Sulfur Hexafluoride – an extremely potent and persistent greenhouse gas

Sulfur hexafluoride (SF6) is a contrast agent composed of an inorganic fluorinated inert gas comprised of six fluoride atoms bound to one sulfur atom. It is an extremely potent and persistent greenhouse gas that is primarily utilized as an electrical insulator and arc suppressant. It appears as a colorless odorless gas and noncombustible. It is inorganic, colorless, odorless, non-flammable, and non-toxic. SF6 has an octahedral geometry, consisting of six fluorine atoms attached to a central sulfur atom. It is a hypervalent molecule. It is the most potent greenhouse gas currently known, with a global warming potential of 23,900 times that of CO2 over a 100 year period.

Sulfur hexafluoride is a non-flammable, colorless, odorless, tasteless, non-toxic, and relatively unreactive gas that has been described quite often as an inert gas.

Typical for a nonpolar gas, SF6 is poorly soluble in water but quite soluble in nonpolar organic solvents. It has a density of 6.12 g/L at sea level conditions, considerably higher than the density of air (1.225 g/L). It is generally transported as a liquefied compressed gas. It is used extensively in various electronic components and in the production of magnesium and aluminum.

The concentration of SF6 in Earth’s troposphere reached 10 parts per trillion (ppt) in year 2019, rising at 0.35 ppt/year. The increase over the prior 40 years was driven in large part by the expanding electric power sector, including fugitive emissions from banks of SF6 gas contained in its medium- and high-voltage switchgear. It has a role as an ultrasound contrast agent and a member of greenhouse gas.

Synthesis and reactions

Sulfur hexafluoride on Earth exists primarily as a man-made industrial gas and has also been found to occur naturally.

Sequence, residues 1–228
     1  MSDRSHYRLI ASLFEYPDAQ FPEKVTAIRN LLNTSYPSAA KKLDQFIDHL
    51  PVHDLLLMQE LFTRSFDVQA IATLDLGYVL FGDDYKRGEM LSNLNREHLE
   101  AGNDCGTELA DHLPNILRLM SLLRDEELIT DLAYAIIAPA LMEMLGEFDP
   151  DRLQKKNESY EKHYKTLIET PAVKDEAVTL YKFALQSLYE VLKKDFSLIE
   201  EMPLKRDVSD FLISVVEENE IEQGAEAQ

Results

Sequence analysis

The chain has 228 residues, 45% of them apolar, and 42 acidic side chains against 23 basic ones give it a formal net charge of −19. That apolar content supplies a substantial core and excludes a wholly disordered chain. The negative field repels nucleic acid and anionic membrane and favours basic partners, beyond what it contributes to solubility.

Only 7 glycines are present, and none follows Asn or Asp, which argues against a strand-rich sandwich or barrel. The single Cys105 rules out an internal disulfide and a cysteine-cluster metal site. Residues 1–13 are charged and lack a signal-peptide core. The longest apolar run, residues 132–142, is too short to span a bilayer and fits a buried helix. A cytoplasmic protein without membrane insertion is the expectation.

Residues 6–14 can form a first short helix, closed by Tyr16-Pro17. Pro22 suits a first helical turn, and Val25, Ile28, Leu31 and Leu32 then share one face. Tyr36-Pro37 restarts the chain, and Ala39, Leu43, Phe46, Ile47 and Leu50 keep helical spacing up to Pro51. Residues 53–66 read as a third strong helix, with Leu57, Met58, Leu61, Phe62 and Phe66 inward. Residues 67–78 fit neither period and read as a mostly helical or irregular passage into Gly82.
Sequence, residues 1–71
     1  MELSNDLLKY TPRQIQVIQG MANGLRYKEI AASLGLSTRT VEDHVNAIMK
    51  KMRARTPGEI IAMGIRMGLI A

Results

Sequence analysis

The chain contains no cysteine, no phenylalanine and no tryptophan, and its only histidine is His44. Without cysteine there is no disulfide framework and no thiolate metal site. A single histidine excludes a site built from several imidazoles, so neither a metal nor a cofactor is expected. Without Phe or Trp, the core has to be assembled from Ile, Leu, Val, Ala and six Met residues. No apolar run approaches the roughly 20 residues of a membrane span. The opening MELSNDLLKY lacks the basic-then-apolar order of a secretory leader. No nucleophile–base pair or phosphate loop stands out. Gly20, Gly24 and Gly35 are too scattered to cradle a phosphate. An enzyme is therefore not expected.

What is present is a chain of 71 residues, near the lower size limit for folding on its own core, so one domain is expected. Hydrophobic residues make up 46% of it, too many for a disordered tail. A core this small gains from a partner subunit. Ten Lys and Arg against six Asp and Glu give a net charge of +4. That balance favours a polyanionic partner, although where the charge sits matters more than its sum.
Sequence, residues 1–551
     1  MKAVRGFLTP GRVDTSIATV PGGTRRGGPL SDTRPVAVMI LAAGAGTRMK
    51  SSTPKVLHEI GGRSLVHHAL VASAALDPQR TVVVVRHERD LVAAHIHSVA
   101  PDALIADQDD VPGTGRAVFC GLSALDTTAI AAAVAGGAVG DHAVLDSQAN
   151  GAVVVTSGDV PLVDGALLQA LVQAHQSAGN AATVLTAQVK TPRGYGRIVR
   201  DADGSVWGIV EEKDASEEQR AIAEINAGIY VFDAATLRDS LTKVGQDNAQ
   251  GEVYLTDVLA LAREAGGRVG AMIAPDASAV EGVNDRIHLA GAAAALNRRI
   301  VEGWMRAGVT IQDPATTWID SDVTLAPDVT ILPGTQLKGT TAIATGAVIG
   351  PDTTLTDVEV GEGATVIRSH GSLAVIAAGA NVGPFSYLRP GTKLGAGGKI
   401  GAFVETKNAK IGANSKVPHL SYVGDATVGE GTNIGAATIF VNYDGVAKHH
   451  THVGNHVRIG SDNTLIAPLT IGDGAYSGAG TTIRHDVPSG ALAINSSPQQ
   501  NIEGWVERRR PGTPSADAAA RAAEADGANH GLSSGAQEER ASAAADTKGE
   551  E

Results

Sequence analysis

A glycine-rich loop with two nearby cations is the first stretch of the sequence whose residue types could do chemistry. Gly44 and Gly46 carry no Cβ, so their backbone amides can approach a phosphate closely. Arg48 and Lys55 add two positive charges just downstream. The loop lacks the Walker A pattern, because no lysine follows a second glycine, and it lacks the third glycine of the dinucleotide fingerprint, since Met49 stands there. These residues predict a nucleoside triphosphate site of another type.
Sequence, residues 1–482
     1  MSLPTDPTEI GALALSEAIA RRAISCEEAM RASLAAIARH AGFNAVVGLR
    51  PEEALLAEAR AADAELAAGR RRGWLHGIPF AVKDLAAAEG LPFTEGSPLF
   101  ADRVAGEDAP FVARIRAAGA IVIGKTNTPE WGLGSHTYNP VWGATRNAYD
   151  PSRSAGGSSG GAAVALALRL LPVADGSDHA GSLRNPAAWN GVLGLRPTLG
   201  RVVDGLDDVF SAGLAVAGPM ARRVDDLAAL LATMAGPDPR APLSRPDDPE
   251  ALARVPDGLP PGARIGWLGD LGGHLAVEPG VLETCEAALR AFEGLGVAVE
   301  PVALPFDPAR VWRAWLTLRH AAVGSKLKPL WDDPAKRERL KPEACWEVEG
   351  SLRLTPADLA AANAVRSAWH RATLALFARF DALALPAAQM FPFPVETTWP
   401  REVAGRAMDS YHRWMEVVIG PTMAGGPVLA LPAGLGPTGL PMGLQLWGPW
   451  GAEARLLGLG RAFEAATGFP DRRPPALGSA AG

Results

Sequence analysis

SF6 can be prepared from the elements through the exposure of S8 to F2. This was also the method used by the discoverers Henri Moissan and Paul Lebeau in 1901. Some other sulfur fluorides are cogenerated, but these are removed by heating the mixture to disproportionate any S2F10 (which is highly toxic) and then scrubbing the product with NaOH to destroy the remaining SF4.

Alternatively, utilizing bromine, sulfur hexafluoride can be synthesized from SF4 and CoF3 at lower temperatures (e.g. 100 °C), as follows:

2 CoF3 + SF4 + [Br2] → SF6 + 2 CoF2 + [Br2]

Uses

Uses in magnesium, aluminum, and electronics manufacturing also hastened atmospheric growth. It is normally available in cylinders and drum tanks. It is used in a range of industries for a range of applications including:

  • Glass: Insulating windows – reduced sound transmission and heat transfer.
  • Medical: In eye surgery and as a contrast agent.
  • Steel & Metals: In molten magnesium and aluminium production and purification.
  • Electronics: High purity sulfur hexafluoride used in electronic and semiconductor applications. 

Toxicity

Upon inhalation of sulfur hexafluoride, the gas is distributed throughout the lungs. Upon subsequent ultrasound imaging, the lung vasculature can be imaged and pulmonary perfusion can be assessed.

Information Source: